France's Le Pen wants France, Greece, Spain to ditch euro
The leader of France's far right National Front party wants France, Spain, Greece and Portugal to leave the euro because the common currency has not brought prosperity, she said in a newspaper interview on Sunday.
Buoyed by opinion polls that show her making big advances ahead of next year's presidential election in France, Marine Le Pen said she represents a party of patriots who never surrendered to the European Union or the euro.
"They promised us this currency would bring growth and welfare, and what happened? People were destroyed, we are talking about a real tragedy. Look what happened to Greece," Marine Le Pen told Sunday's Kathimerini newspaper.
Le Pen took over leadership of the National Front in January from her father Jean-Marie Le Pen, who stunned France in 2002 by beating the Socialist Party candidate and getting through to the run-off in the presidential election won by Jacques Chirac.
Elections in France this Sunday and next to appoint some 2,000 local councillors will be the last public vote before the presidential poll. Two surveys in March suggested Sarkozy, if he runs, could be knocked out in the first round while Le Pen could go through to a runoff against a leftist candidate.
"Greek society is going backwards by whole decades. And although Greek people are showing patience, which has impressed me a lot, how long can this last? We must liberate our peoples and return to our own currencies," Le Pen told the paper.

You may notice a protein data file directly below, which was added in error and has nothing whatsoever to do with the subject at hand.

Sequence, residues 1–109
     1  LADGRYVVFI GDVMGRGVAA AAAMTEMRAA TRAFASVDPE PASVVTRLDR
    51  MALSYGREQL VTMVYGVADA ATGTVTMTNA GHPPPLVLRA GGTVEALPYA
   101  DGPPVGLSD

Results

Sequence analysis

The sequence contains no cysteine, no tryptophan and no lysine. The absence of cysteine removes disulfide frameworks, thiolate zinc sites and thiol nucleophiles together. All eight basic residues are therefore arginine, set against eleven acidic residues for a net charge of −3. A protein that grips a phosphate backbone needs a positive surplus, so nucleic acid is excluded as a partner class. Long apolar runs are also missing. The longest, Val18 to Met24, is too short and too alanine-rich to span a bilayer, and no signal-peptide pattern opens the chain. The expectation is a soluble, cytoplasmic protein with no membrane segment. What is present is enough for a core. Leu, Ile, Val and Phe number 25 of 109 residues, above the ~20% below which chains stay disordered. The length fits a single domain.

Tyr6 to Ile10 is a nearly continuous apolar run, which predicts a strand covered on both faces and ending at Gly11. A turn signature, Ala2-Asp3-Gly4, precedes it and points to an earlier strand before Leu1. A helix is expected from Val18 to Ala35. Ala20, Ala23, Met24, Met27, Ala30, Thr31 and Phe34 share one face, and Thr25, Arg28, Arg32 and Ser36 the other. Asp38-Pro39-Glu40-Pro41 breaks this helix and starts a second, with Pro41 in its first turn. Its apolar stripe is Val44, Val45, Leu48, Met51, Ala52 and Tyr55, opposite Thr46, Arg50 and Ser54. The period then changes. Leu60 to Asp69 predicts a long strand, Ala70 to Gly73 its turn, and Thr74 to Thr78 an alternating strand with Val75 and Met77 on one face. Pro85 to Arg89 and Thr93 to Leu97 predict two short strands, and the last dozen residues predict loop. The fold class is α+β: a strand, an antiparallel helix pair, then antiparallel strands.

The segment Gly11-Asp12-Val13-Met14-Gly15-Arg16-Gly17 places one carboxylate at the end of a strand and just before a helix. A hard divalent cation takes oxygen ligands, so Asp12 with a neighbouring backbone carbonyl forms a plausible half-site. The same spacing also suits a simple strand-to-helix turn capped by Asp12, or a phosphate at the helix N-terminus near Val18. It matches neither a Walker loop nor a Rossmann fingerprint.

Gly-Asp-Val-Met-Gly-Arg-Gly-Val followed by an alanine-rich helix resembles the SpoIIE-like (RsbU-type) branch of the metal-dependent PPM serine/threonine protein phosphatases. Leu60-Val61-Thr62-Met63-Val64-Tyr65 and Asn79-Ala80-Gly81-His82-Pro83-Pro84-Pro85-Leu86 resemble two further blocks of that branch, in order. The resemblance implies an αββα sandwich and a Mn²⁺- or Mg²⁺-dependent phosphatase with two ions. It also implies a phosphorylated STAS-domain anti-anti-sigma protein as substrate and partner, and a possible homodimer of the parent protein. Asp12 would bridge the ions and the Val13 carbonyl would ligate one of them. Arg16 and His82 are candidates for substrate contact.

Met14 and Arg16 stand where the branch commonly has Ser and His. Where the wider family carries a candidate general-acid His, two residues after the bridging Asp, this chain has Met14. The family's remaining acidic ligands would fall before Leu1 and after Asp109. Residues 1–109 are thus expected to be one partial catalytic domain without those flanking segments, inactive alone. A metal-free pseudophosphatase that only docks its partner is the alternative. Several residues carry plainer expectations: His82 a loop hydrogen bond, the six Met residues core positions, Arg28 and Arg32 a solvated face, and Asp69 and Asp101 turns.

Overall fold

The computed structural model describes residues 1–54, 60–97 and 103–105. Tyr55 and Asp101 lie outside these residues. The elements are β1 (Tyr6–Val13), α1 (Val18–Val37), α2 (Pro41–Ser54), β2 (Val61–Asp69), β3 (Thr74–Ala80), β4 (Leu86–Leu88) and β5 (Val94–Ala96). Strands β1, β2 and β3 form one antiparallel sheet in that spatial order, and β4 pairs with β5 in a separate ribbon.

Heavily indebted Greece turned to the European Union and the International Monetary Fund for a bailout in May last year to avoid defaulting. Austerity policies to shore up its finances have led to a protracted recession and record unemployment levels.
Le Pen, 42, who has inherited her father's talent for political invective, said IMF chief Dominique Strauss-Kahn, who may run in the French presidential election, does not have a good grip on the problem.
"Dominique Strauss-Kahn is underestimating the situation in Greece as he is underestimating it in France. He does not understand that we are heading towards an economic abyss. We must get out of the euro here and now," Le Pen said.
She said a strong boost to her anti-immigrant party in an opinion poll that narrowly placed her ahead of President Nicolas Sarkozy reflected a growing demand for change.
"A revolutionary wind is blowing and I see it. It does not surprise me because people want more democracy and social justice. And it's not only that they want to punish the political establishment for not solving France's problems in the last 30 years. What people want is change," she said.
Le Pen said Europe could not afford to take on more illegal immigrants, but EU policies effectively encouraged massive arrivals.
"Governments until today were letting (illegal) immigrants act unchecked, isn't this a deficit of democracy? Our values, our Christian civilisation are now at risk and we must act decisively," Le Pen said, reiterating a call to turn back migrant boats.